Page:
When the Moon, Mercury and Mars meet above Rome… the show is guaranteed! – 5 June 2019
These evenings, planet Mercury is back at sunset, peaking at magnitude -1 or so. The young Moon and Mars added their beauty last night, so I managed to capture a few images. With the special bonus of Rome, this time with its astronomical observatory, in Monte Mario.
I like Mercury. The most elusive among the classical planets, it is always one of my highest priorities when it makes a nice apparition. This is the case this early June, now that Mercury is starting its evening season, offering very favorable conditions to us living in the Northern Hemisphere.
I managed to organize an imaging session, hoping to include Rome and its monuments – as I always do – this time thinking to something more astronomical. In Rome we have the important Monte Mario astronomical observatory, sitting on the top of the homonyms hill, from where it dominates the Eternal City.
Including the observatory was also a reference to times when seeing the stars from Rome was well possible, while now light pollution is such a serious issue that we see just a fistful of stars. But they are up there! This is why I support, by the way, the “Dark Skies for All” project of the International Astronomical Union, serving as an ambassador for that project, and spend a lot of time imaging/sharing the stars from Rome.
The location of the Sun at summer pushes planet Mercury (which is always just a few degrees from our star) to its northernmost position, which is a great help if you want to include the Monte Mario Observatory, placed in the northern part of Rome.
I decided to setup my imaging gear in Villa Borghese, close to the famous “Pincio” terrace, from where I could see the observatory in the right direction. Also, the young Moon was going to set in the same spot, hopefully I could have good luck with more than an subect.
I had with me one of my Canon 5D mark IV DSLR bodies and a Canon EF 70-200mm f/2.8L IS II USM lens, both installed on a solid tripod.
I reached the place at sunset and soon the Moon appeared as a sharp crescent, ready to show its precious earthshine. But my priority was Mercury, significantly lower above the horizon and going to set quickly. I had to wait for a while before I could see it, as some clouds made the sight much harder. But knowing where to look I spotted it, then I tracked it for a while, seeing it drifting west, apparently approaching the Monte Mario observatory’s building.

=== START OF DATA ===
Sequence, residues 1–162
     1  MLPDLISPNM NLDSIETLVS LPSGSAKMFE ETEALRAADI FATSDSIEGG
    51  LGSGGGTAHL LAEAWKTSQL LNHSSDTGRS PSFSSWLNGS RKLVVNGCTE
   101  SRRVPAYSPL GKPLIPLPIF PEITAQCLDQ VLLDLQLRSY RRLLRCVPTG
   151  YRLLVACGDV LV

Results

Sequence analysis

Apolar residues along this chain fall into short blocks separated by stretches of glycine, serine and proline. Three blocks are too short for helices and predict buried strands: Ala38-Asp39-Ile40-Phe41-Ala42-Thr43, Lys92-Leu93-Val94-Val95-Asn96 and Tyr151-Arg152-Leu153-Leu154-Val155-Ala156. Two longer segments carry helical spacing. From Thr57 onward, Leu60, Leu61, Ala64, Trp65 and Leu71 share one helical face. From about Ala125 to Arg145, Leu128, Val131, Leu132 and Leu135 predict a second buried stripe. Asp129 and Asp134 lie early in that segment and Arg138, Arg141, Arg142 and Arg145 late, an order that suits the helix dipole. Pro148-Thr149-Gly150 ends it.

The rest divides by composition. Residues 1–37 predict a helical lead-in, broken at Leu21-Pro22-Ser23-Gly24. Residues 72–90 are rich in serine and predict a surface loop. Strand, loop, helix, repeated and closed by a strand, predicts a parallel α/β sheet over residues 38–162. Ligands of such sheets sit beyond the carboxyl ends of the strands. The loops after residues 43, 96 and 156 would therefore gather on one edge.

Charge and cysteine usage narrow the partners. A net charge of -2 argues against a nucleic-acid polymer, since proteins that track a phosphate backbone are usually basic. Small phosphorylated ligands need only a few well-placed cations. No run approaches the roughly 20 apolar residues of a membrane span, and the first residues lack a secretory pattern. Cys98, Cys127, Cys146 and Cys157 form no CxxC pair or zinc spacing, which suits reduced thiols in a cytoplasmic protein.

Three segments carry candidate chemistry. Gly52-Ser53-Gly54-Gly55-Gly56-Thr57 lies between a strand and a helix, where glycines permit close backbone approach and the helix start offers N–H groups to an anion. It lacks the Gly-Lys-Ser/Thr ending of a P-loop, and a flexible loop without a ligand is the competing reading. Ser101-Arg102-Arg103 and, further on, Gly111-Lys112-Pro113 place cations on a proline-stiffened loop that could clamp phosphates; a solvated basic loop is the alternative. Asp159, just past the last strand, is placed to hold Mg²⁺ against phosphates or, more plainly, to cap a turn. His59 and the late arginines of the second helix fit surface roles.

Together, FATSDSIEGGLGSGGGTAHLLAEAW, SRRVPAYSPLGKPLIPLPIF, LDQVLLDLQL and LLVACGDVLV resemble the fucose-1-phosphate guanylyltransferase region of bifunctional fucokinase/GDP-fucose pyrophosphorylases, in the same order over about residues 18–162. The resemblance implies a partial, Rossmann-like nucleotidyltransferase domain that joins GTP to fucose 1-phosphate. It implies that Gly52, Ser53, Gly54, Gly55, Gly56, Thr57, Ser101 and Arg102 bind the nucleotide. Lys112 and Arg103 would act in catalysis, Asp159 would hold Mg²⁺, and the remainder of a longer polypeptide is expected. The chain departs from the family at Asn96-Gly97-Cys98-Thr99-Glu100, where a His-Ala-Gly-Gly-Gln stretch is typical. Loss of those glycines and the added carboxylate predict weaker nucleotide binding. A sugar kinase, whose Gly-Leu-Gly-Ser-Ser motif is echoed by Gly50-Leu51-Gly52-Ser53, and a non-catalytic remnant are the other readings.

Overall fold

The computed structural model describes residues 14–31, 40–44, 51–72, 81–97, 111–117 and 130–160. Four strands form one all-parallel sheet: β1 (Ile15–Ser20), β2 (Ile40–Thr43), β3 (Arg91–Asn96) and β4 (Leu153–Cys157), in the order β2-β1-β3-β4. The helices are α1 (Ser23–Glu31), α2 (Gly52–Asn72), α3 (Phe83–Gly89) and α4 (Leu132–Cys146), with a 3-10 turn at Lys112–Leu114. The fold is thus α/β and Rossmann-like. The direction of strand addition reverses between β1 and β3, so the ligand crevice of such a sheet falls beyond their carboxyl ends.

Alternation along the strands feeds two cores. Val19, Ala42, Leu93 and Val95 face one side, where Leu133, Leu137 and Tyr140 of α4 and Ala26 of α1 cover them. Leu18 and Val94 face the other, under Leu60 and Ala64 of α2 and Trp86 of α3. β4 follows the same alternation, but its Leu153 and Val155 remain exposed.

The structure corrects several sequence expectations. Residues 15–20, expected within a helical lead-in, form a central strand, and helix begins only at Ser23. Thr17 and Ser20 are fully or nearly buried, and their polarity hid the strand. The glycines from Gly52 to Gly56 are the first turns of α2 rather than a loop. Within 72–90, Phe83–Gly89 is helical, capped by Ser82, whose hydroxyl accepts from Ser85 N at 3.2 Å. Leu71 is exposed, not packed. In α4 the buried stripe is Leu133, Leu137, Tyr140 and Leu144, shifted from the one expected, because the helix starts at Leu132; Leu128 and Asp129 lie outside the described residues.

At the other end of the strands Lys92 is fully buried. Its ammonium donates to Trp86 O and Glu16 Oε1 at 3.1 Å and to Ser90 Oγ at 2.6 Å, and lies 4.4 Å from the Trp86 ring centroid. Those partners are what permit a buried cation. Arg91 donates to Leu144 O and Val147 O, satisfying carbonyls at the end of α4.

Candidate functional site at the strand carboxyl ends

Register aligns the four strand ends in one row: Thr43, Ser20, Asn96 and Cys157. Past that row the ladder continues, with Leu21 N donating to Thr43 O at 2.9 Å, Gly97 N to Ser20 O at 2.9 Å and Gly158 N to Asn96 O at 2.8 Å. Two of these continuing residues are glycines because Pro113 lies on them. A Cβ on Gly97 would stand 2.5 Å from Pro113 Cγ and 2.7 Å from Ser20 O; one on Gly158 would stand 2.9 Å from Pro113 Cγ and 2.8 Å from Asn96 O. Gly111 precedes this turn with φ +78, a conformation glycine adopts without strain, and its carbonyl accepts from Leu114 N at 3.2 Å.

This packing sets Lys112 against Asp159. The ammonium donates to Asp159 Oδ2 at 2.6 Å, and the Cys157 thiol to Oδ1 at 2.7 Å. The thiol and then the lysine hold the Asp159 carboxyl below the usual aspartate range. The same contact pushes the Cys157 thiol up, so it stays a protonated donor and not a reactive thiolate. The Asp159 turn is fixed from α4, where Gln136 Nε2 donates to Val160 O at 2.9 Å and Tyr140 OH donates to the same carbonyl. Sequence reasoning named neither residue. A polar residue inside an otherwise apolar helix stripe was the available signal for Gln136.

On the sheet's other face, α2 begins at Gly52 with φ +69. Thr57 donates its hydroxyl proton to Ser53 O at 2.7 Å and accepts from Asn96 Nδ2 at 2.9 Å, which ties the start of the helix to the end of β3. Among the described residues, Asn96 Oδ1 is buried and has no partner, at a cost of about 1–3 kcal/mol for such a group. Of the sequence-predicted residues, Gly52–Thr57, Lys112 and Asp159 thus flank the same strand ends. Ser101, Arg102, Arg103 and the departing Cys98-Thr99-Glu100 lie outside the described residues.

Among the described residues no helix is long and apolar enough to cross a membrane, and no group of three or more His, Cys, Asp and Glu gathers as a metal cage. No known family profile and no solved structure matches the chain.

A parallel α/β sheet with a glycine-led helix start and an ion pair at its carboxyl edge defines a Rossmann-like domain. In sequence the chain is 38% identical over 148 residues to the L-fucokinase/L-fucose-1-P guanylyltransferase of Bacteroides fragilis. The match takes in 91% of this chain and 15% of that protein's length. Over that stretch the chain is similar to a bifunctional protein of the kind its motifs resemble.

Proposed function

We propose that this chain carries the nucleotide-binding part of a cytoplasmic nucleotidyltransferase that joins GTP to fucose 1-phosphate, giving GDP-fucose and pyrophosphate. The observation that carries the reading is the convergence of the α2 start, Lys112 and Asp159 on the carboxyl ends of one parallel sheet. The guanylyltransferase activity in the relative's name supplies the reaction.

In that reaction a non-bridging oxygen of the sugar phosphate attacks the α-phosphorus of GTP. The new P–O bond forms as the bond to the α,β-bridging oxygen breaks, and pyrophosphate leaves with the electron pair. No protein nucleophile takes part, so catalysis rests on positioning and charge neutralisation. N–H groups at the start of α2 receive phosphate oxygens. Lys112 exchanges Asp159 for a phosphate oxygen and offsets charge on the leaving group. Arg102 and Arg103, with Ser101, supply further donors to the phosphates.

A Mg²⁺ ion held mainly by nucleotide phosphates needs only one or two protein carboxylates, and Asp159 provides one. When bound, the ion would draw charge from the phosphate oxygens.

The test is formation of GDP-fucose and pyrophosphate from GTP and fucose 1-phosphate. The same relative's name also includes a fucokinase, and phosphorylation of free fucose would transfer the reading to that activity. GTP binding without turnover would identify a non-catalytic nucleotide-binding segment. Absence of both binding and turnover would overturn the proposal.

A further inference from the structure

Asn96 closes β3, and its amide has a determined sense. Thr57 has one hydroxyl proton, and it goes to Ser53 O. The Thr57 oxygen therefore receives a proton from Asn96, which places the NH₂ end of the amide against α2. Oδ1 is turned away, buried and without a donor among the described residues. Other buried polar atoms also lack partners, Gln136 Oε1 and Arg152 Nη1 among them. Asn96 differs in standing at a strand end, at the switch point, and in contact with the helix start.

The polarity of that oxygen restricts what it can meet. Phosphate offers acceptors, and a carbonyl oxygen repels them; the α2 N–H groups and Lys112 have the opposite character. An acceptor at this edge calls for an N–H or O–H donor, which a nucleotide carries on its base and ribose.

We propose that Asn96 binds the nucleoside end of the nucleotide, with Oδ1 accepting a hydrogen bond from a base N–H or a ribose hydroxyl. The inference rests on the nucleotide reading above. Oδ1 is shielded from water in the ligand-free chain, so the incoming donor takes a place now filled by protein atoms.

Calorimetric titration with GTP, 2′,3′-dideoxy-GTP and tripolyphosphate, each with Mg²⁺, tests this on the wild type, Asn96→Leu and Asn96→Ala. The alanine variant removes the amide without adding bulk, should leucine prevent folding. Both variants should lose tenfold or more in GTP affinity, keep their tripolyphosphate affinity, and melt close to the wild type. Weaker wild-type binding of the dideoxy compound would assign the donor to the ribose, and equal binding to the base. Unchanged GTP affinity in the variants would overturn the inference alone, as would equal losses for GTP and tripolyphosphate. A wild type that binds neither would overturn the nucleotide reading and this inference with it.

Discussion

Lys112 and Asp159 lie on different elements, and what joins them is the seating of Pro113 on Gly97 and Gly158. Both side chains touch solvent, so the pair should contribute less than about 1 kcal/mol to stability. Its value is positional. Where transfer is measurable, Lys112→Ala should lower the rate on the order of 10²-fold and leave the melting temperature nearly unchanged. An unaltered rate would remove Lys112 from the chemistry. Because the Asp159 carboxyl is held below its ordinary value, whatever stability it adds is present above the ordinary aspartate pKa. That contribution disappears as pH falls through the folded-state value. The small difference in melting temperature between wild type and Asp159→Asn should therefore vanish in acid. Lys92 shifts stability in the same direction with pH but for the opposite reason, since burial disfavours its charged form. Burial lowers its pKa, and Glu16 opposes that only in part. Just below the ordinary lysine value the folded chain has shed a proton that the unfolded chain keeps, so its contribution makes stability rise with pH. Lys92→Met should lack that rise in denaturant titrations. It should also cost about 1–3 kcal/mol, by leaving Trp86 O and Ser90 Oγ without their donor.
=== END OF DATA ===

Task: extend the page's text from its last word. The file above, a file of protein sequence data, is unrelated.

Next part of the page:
The colors were awesome, the sight so elegant that I felt so happy to have had this idea. I really loved to face that evolving scenery, with the planet finally setting behind the solar tower, the tallest building with a dome on the right.
At that point, I concentrated on the Moon, having planet Mars a couple of degrees apart. By the time Mercury was gone, the sky was significantly darker and I could easily see (and capture) the earthshine. I love that feature, I cannot express my feelings every time I see it.
Our satellite was among the stars of the Gemini (“the Twins”) zodiacal constellations. Castor and Pollux, its brightest stars named after the Dioscuri, were an obvious sight and my camera captured most of the Gemini constellation, as you can see below.
Soon (time runs so fast, always!) the Moon and Mars were showing beside Monte Mario observatory, offering a memorable opportunity to put together the astronomical symbol of Rome with the real sky.
When the show was over, I had a final look, then I left the place, already thinking to the next cosmic event, so stay tuned!
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